Hampton is reluctant to allow his band to become typed as simply brassy.
"Brassy is only one of the sounds I want," he maintained. "I want the band to be able to play at double forte, very loud. But I also want it to play just as soft so that the contrast will be really a contrast."
Running ahead of the group every place it appears is the remark that the octet is a cut-down version of Ferguson's big band. Hampton takes no offense at such observations.
"There is merit in that statement," he admitted. "What people are thinking about really are my arrangements for both groups. Naturally, the flavor is going to be similar."
Hampton said he feels that he does his best writing and arranging for this size of unit. Yet, he is beginning to seek new horizons.
"After writing for this band for a year now," he said, "I begin to imagine other combinations. I think I would like first a piano player who can double on another instrument. Then I would like to add an alto saxophonist who can also handle woodwinds, particularly the flute. Also I'd like to put in a tuba for depth and body to the section. And, of course, I could use another trumpet and another trombone — but my, my, all that is so far away."
Meanwhile, he continues to write and draw writing inspiration from Duke Ellington and Gil Evans. He acknowledges no trombone influences, crediting saxophonists Charlie Parker and John Coltrane as his primary instrumental images.
"As much as I love the way J. J. and a few others play," he said, "the trombone is such a slow instrument, I would rather not try to pattern myself too much from guys who play the instrument, because it holds them back, and it would hold me back, also.
"The technique and the literature for the instrument are very slow compared with other instruments; consequently,I would rather listen to a horn which has more to offer."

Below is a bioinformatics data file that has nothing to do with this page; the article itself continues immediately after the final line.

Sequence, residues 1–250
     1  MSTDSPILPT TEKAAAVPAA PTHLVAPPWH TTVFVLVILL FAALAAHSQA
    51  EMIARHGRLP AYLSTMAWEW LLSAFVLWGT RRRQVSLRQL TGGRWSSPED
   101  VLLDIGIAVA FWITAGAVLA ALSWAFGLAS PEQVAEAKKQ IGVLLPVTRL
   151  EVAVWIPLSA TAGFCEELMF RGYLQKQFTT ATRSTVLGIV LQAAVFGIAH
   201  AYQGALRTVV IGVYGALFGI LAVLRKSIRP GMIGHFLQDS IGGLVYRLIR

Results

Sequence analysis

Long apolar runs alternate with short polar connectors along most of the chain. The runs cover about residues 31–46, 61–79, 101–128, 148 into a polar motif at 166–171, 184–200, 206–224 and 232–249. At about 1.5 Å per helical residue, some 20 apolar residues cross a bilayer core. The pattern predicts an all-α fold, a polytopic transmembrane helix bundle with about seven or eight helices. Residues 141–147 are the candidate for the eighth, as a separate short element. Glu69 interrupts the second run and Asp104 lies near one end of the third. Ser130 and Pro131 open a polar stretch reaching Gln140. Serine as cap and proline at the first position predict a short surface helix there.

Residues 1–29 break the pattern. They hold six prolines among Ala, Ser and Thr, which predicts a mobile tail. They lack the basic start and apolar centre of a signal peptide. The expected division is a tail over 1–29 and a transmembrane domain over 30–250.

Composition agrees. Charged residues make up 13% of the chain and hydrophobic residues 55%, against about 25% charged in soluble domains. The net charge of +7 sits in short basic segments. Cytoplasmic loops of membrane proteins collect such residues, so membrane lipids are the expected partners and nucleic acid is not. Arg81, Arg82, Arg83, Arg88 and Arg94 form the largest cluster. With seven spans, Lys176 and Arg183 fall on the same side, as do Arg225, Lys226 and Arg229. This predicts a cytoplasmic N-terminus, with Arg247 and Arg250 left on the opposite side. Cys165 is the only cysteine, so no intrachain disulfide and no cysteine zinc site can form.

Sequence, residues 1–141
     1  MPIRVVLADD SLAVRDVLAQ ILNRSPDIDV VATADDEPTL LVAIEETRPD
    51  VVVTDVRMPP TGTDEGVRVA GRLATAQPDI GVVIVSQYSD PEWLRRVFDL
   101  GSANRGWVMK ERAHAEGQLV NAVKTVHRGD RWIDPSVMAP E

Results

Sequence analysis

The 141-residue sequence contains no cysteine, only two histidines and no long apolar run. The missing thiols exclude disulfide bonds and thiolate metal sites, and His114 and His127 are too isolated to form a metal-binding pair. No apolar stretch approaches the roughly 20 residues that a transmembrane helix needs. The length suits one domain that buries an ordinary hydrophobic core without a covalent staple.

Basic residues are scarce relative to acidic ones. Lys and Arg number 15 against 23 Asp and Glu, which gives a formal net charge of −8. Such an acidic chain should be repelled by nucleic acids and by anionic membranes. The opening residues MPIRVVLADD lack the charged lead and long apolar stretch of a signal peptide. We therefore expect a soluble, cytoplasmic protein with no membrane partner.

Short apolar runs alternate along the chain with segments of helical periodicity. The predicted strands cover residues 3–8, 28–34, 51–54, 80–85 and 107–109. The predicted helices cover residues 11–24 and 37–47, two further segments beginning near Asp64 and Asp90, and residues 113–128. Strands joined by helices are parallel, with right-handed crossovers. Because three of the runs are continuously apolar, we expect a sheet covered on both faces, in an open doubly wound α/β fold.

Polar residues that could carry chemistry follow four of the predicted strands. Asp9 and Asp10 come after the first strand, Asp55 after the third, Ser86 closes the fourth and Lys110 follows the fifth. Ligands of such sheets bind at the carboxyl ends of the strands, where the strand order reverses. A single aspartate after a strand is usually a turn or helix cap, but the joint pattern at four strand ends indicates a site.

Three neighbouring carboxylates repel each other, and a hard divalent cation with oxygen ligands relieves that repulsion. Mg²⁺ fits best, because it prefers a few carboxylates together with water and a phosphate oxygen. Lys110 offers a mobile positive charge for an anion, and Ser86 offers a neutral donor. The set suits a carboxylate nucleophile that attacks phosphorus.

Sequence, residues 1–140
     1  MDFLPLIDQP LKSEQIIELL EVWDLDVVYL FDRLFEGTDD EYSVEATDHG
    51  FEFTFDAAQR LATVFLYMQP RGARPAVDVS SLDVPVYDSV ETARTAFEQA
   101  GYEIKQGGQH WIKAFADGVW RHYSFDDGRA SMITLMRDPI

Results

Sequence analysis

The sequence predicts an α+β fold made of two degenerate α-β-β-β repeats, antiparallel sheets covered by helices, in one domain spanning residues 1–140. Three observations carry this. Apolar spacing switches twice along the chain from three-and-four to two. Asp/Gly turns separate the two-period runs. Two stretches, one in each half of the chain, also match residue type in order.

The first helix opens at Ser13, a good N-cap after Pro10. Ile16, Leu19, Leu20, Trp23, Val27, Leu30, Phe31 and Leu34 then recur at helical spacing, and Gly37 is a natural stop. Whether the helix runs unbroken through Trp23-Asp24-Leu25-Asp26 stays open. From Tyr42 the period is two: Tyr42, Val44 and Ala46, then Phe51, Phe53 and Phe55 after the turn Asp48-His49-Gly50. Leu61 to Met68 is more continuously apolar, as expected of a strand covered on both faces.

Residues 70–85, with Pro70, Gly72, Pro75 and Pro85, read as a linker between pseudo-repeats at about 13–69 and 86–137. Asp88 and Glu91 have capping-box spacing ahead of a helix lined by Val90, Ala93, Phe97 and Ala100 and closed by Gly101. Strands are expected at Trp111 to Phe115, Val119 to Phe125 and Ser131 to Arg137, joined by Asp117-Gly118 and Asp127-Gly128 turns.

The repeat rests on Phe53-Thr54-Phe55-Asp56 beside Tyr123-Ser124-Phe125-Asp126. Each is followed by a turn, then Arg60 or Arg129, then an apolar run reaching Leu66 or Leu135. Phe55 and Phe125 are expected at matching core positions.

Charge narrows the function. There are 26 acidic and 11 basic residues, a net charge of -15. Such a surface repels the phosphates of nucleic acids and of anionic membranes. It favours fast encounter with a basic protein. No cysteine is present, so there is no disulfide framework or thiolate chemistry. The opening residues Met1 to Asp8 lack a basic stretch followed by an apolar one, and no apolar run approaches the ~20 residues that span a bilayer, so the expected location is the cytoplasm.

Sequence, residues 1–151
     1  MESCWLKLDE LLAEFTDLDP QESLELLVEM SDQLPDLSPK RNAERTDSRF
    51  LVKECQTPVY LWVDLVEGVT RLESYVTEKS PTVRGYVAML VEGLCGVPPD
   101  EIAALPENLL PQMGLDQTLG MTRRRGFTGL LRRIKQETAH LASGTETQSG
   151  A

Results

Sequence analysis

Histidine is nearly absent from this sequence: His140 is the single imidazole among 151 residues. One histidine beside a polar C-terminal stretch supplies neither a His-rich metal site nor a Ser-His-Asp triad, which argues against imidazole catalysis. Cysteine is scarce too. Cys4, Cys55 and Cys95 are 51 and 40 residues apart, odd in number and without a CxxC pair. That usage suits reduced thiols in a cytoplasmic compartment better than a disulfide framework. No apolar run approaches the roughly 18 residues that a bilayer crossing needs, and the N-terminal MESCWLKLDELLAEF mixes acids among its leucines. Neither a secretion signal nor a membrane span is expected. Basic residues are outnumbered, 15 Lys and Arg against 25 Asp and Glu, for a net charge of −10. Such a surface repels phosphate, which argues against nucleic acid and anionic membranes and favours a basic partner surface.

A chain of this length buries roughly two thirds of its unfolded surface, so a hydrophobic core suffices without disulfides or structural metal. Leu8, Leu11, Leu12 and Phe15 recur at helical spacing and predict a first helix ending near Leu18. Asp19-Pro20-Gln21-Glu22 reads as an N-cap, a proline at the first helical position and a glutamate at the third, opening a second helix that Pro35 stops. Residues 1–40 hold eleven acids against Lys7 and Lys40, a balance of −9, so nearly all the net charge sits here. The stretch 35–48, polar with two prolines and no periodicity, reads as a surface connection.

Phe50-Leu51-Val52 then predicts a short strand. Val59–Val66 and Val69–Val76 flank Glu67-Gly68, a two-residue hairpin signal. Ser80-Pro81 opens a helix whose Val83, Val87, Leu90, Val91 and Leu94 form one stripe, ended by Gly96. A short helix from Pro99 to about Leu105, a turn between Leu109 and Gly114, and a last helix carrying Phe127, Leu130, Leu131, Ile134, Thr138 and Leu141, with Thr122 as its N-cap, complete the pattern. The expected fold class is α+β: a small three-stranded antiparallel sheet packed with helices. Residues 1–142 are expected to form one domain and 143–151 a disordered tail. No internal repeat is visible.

In spite of his great musical dedication or perhaps because of it, Hampton looked realistically at the going style of today. In fact, he leaped right in, and a hit Gospel-flavored, jazz frame was the commercial springboard for getting his group heard and booked.
"While I am a musician, I am also a businessman," he said candidly. "I realize that in order for the orchestra to eventually play what I want it to play, I have to please the public as much as I can. I must admit that our hit tune, Sister Salvation, was written primarily for that purpose. It's a pretty good tune though and the fellows are still free to play whatever they like in their solos, but the main theme was written to catch the public's ear."
He said he sees no danger of his becoming entrenched in a commercial vise.
"In the first place, this music isn't so far removed from jazz that it can become a permanent handicap," he said. "Another thing is, just as the public went for that, they'll go for some other kind of music if it's presented right. As a writer-composer, if I spend enough time and energy trying to find something new to write, I might come up with something worthwhile that the public will like just as well."
The slightly built dynamo, at work on the stand, is convincing as a man who wants to "make people happy," and a listener is impressed with his complete immersion in his work to that end. He seems to surrender to the mood and play and direct the group with a physical abandonment that reflects his showmanship days. The soft-spoken trombonist reveals in conversation an intelligence that belies his lack of high school education, and he radiates a fire of determination that defies quenching.
Locksley Hampton, husband and father of one daughter, 13, and three sons, 10, 8, and 3, must necessarily be subservient to Slide Hampton, traveling jazz artist, for Hampton acknowledges, as do many traveling musicians, that the road bug is almost impossible to beat.
"If your wife loves you, being away from home is not going to change that," he said. "I don't say that it makes her grow any fonder of you, but if she's sincere and understands what you're trying to do, being away won't make any difference." His eyes twinkled, and he added, "Of course, you have to be just as sincere in being away from home. You can't just be 'being away from home' because you want to be away . . ." He laughed. Then he summarized his philosophy on music:
"I guess it's pretty true that a traveling man can never really become rooted. I know I have no great desire to stay in one place. The traveling part alone doesn't really interest or excite me. I just don't want to stand still in whatever I'm doing. So if it happens that whatever I'm doing has to be done or can be done better somewhere else, then, I'm sorry, but that's where I go.”
January 19, 1961
The following video features Slide’s octet version of Monk’s Well You Needn’t.